Mr Qhena asked the Committee to bear with him for leaving questions on Mango for last. On ever-green contracts, he commented that SAA was almost on a clean slate and did not anticipate uncovering ever-green contracts that the company was not already aware of.
Mr Mhlontlo explained that McKinsey repaid R10 million after revelations at the Zondo Commission. SAA argued that the payment to McKinsey was based on borrowed funds therefore the interest factor should not be omitted. The issue of interest was still on the table.
Adv Melanchton Makobe, Deputy Director-General (DDG), Legal, Governance and Risk, DPE, said the appointment of the Strategic Equity Partner was the responsibility of the shareholder. Discussions were in the final stages and should be completed within the next month.
Mr Qhena explained that Mango was in dire straits. It would be a misrepresentation of the facts to say everything was well. The grounding impacted on its reputation and was making future prospects of flying challenging. The airline was burning cash as passenger numbers were not at a sustainable level and this made the creditors, including ACSA, nervous. The money earmarked for Mango was not sufficient hence all options were being considered. The SAA Board was engaging with the shareholder in helping to restructure the airline and was spending a disproportionate amount of time in dealing with the Mango issue. The delay in the reallocation of the funds was exacerbating the problem. Once guidance was received from the shareholder, the information would be shared with the Committee. In the interim, the SAA Board was considering giving the airline oxygen to get them through the difficult period and was counting on help from the Committee to ensure that the appropriation would happen.
The Chairperson asked the DPE officials to explain the strategies that were being considered with the subsidiaries. It was important that the skills, residing in SAA Technical, not be lost even if the aircrafts were not flying. He reminded the SAA team that they should bring any observations about potential changes to legislation to the attention of the Committee. For example, if an outcome of the BR process required a change in the Act, the Committee should be informed.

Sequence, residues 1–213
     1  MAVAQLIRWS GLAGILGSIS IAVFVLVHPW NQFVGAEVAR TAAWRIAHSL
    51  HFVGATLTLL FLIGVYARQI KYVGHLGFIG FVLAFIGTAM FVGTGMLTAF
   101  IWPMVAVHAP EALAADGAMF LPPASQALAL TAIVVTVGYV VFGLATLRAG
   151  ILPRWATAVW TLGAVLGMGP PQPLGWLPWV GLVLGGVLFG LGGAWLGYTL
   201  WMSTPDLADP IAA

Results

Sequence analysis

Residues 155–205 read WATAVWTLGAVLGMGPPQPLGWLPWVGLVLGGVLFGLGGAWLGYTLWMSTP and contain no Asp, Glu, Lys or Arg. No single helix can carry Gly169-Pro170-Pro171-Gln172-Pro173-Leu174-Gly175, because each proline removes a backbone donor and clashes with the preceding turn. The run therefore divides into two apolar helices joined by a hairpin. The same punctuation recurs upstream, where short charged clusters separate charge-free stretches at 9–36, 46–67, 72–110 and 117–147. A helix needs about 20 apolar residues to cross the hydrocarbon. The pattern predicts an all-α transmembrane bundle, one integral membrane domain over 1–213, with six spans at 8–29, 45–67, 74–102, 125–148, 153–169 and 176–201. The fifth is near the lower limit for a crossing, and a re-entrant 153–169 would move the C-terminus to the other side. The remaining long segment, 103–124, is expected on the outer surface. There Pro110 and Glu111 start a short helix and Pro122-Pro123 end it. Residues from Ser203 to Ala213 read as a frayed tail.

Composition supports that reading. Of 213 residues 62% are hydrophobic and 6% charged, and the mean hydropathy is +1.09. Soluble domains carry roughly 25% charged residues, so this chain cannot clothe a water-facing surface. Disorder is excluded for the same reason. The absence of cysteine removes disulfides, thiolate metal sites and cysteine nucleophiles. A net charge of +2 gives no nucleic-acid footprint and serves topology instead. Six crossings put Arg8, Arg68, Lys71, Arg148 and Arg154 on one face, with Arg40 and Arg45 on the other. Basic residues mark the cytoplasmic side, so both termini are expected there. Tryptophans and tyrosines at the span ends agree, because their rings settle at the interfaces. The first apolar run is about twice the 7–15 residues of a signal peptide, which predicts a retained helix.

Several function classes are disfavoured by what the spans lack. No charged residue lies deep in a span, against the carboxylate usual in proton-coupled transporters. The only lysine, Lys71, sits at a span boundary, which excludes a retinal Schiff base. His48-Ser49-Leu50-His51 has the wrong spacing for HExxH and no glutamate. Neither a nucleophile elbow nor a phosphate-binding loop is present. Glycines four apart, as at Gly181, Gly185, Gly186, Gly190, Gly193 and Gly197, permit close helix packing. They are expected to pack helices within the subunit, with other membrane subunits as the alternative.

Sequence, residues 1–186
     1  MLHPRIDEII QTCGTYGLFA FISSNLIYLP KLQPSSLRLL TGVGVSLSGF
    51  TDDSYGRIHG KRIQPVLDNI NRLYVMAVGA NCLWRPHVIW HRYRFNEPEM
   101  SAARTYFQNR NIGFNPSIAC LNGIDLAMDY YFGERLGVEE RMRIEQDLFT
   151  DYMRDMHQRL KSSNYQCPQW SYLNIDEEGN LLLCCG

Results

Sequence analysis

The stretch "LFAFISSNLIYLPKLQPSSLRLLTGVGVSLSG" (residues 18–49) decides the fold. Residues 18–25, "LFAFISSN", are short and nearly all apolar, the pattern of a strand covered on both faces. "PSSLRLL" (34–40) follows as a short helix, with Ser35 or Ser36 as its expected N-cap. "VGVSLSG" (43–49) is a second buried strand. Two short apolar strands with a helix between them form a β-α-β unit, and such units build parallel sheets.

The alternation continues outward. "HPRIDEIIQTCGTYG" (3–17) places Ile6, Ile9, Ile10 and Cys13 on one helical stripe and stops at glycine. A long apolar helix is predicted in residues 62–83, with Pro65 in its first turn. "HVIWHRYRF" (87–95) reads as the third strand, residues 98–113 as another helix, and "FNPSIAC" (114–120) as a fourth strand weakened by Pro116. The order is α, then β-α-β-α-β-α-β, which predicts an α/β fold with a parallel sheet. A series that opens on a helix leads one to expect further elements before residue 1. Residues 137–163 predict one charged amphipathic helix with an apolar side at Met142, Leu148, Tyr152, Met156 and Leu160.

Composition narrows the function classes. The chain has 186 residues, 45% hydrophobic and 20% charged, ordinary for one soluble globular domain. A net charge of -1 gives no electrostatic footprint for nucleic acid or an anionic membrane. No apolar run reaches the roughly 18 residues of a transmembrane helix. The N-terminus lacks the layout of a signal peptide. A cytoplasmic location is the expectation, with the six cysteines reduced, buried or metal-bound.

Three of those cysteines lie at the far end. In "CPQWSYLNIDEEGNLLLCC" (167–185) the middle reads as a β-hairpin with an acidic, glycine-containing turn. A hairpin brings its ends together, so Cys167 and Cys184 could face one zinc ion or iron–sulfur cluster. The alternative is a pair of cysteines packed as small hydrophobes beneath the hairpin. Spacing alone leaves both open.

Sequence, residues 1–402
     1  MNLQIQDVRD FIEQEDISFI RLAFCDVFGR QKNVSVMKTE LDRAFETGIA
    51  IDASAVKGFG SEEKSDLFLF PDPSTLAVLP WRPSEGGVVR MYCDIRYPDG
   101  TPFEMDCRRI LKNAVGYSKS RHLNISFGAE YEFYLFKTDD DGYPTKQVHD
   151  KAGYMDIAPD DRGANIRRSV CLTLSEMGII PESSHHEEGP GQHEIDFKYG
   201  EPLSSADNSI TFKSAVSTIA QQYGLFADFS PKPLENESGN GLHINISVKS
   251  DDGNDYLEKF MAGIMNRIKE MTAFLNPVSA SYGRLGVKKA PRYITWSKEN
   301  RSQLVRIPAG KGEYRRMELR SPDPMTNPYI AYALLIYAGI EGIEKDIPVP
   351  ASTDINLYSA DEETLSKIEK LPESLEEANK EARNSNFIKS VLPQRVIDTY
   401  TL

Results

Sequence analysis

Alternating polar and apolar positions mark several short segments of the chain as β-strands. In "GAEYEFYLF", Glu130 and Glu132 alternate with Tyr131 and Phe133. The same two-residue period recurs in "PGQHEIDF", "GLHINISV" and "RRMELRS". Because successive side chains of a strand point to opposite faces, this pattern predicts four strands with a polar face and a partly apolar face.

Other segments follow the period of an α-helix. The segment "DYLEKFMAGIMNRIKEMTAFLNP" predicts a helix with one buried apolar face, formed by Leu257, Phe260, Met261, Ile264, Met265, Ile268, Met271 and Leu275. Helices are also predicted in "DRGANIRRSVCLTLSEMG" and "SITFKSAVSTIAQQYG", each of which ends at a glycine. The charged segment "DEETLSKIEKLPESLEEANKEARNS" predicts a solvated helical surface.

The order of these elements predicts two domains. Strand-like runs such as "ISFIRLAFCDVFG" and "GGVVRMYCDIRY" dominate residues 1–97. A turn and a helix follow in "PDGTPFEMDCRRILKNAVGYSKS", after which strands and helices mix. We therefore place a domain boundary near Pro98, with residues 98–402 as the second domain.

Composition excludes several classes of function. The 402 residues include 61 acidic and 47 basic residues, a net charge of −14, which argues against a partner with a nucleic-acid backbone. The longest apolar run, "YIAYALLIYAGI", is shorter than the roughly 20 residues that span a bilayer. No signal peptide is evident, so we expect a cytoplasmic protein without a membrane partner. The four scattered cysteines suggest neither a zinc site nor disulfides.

Adv Makobe said discussions were at a very sensitive stage and requested the Committee to allow the Department to finalise discussions after which feedback would be given.
Mr Qhena said the observation about the retention of technical skills was spot-on. SAA relied on the technical skill to maintain the airline and was therefore trying to preserve it. He understood how key the role of SAA Technical was and would try to position them to have a chance at survival. In terms of changes to law, he said the BR process had been difficult and many lessons had been learnt. SAA would share the information with DPE, who in turn would engage with the Committee through the Minister. The idea of the BR process was good but some areas could be improved, especially when dealing with one shareholder.
The Chairperson remarked that at the right time, he would like DPE to share some of the lessons. Responding to the plea for intervention at Mango and Airchefs, he said the Committee was planning to finalise the process during the first week in June in collaboration with the Standing Committee on Finance and National Treasury. The NCOP should be finalising the technical aspects, of the money already approved, by mid-June. He thanked the SAA team for the useful engagement.
Adv Makobe thanked the Committee for the opportunity and support.
Mr Darrin Arends, Committee Secretary advised the members that the meeting with the Minister of Higher Education, scheduled for Tuesday 18 May 2021 had been rescheduled to Friday 21 May 2021.
The Chairperson asked the Committee Secretary to provide reasons for the postponement of the meeting.
The Committee Secretary explained that the Minister of Higher Education had a prior engagement with SCOPA and was also required to present the budget vote of his department to the National Assembly.
The Chairperson said this was an indication of the busy schedule of Parliament and confirmed that the meeting with the Agriculture Department was scheduled for Tuesday 18 May 2021 at 09:00.
The meeting was adjourned.